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Forecasting Extraordinary Events

by Robert_de_Neufville {{qctrl.question.publish_time | dateStr}} Edited on {{qctrl.question.edited_time | dateStr}} {{"estimatedReadingTime" | translate:({minutes: qctrl.question.estimateReadingTime()})}}
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  • From the Metaculus Journal series 'Shared Vision: Pro Forecaster Essays on Predicting the Future Better'

    Robert de Neufville is a Metaculus Pro Forecaster, a Good Judgment superforecaster, and the former Director of Communications of the Global Catastrophic Risk Institute. He writes about forecasting in Telling the Future.

    The hardest, most interesting forecasting questions are about things that haven’t happened before. Many important events—wars, famines, pandemics, natural disasters—are relatively predictable. These events have occurred regularly throughout history, so we can say with some confidence how often they occur in a range of different circumstances. They may be extraordinary events in the sense that they disrupt our regular day-to-day lives or even cause empires to rise and fall, but in a broader, historical sense they’re routine. The harder, more interesting questions—the kinds of questions futurists think about—are about things that are unprecedented in some important way. When an event has never happened before, it’s hard to know both how likely it is and what effects it’s likely to have. These extraordinary events can alter the course of history by disrupting established patterns in a way that routine events rarely do.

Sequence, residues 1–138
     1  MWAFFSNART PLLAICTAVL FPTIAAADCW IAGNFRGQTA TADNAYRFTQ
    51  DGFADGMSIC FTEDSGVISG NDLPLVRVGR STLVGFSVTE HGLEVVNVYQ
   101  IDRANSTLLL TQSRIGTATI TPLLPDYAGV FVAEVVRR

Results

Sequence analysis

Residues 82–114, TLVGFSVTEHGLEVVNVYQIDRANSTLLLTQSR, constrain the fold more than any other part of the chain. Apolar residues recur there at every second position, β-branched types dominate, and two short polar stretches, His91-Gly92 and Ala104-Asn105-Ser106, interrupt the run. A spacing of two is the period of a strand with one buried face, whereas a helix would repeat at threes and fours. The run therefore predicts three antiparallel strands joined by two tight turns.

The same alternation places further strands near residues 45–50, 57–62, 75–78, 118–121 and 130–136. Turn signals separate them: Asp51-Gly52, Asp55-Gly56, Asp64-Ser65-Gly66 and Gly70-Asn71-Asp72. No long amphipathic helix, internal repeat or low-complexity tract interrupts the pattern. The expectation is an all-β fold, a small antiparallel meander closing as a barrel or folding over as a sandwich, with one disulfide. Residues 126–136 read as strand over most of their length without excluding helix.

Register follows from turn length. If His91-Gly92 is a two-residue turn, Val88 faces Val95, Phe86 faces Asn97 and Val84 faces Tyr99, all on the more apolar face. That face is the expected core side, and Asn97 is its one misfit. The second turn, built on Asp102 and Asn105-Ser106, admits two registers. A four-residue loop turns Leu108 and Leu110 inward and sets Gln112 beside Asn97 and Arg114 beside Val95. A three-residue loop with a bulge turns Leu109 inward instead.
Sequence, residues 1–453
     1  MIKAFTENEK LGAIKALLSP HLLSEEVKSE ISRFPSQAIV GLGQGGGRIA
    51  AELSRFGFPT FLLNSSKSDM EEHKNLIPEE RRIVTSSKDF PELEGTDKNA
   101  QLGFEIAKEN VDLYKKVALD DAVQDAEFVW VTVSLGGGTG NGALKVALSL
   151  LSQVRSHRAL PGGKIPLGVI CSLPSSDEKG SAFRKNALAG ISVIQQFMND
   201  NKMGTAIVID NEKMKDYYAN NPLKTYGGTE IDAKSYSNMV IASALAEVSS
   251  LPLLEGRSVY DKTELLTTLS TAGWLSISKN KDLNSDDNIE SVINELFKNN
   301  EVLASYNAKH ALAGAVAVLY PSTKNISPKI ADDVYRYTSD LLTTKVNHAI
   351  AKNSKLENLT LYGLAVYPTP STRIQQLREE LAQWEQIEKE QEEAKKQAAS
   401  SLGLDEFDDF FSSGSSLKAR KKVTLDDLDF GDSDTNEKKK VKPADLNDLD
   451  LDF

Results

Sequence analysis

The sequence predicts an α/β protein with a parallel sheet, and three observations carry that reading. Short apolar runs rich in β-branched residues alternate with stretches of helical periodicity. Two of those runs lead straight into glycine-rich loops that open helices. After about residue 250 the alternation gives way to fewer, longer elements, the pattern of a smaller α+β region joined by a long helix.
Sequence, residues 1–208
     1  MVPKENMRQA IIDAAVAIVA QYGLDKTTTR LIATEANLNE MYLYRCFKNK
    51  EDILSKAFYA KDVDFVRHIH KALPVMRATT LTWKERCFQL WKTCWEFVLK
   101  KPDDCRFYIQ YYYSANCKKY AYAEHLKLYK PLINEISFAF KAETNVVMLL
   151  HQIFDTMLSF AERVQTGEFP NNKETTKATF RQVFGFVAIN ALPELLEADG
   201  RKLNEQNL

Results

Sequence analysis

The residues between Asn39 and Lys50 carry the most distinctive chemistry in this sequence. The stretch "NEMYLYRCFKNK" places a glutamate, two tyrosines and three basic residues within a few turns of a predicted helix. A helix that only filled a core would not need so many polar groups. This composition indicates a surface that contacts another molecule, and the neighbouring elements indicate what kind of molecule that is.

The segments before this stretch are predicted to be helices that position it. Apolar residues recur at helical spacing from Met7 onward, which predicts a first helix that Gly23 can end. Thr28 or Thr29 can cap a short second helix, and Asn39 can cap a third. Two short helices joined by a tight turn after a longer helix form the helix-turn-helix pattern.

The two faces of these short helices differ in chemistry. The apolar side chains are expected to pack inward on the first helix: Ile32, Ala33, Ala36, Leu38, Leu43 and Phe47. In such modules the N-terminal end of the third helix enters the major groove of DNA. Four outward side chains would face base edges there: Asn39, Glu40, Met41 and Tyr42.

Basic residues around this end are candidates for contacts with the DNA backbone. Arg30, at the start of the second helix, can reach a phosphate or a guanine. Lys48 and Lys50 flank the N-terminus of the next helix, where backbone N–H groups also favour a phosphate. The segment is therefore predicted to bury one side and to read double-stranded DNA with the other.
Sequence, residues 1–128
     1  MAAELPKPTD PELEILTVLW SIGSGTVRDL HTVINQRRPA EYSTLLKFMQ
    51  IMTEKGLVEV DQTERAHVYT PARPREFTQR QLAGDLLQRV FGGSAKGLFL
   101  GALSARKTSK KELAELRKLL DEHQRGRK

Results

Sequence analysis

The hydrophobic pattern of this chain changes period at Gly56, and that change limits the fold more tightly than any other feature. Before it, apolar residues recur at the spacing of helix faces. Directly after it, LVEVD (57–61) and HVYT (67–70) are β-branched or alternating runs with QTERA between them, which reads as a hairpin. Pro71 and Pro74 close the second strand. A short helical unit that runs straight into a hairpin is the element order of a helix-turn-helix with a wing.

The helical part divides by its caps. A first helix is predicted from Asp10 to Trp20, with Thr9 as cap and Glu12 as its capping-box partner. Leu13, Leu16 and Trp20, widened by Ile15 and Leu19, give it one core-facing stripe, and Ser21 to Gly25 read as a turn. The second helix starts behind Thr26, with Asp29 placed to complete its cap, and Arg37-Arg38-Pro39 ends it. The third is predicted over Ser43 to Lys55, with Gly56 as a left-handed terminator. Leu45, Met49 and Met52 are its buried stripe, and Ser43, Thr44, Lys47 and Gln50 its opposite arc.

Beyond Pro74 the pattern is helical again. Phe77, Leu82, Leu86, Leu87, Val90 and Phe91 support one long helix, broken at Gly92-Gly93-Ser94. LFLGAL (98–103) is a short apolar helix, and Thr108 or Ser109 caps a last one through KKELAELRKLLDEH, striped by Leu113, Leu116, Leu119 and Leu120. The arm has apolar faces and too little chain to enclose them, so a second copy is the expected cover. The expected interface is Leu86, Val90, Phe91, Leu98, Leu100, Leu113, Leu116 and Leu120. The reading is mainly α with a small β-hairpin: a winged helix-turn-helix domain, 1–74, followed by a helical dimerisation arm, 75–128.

Every novel event is effectively a real-life experiment with uncertain effects. Before the first nuclear weapon test in 1945 the bomb’s designers realized the fireball created by the explosion would heat the Earth’s atmosphere to temperatures previously unprecedented in the planet’s history. There were reasonable concerns—in the absence of historical evidence for what happens when the atmosphere gets that hot—that the blast would set off a runaway reaction in atmospheric nitrogen. It wasn’t crazy to think the first nuclear weapon test might essentially set the planet on fire. The bomb’s designers concluded—correctly, as it turns out—that such a reaction wouldn’t be self-sustaining because most of the energy it produced would radiate away. But they acknowledged there was nevertheless a “distinct possibility that some other less simple mode of burning may maintain itself in the atmosphere.”

    Nuclear scientists actually did fail to anticipate one of the reactions produced in the Castle Bravo test of a new thermonuclear bomb design in 1954. Their calculations assumed that lithium-6 would be the only isotope of lithium to contribute to the explosion. But they didn’t realize that lithium-7 would also undergo fission when bombarded with highly energetic neutrons. The bomb ended up having 2.5 times the yield they expected. The explosion was so large that it rendered inoperable or destroyed most of the instruments in place to collect data. The fallout from the blast combined with shifting winds to expose the population of the Marshall Islands to high levels of radiation, making the Castle Bravo test one of the worst radiological disasters in history.

    We now know from numerous nuclear weapons tests that they don’t produce self-sustaining nuclear reactions in the atmosphere. But there’s still no historical precedent for an exchange of nuclear weapons between two states. Because nuclear weapons are so different in design and effect from conventional weapons, it’s reasonable to think a nuclear war might transform or even destroy human civilization. There’s likewise no precedent for the development of superintelligent AI. Because superintelligent AI would be so different in design and effect from even the most sophisticated AI in use today it’s reasonable to think it also might transform or even lead to the destruction of human civilization. The fact that we haven’t yet had a nuclear war or developed superintelligent AI doesn’t necessarily mean either is impossible or even particularly unlikely. Because we’re in uncharted territory, it’s hard to know.